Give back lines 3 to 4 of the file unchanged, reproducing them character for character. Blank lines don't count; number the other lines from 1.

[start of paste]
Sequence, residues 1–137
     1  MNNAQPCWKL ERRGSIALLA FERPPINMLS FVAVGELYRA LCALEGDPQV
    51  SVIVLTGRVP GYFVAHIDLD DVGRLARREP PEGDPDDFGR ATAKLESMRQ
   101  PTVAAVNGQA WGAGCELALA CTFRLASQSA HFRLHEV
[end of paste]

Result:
    51  SVIVLTGRVP GYFVAHIDLD DVGRLARREP PEGDPDDFGR ATAKLESMRQ
   101  PTVAAVNGQA WGAGCELALA CTFRLASQSA HFRLHEV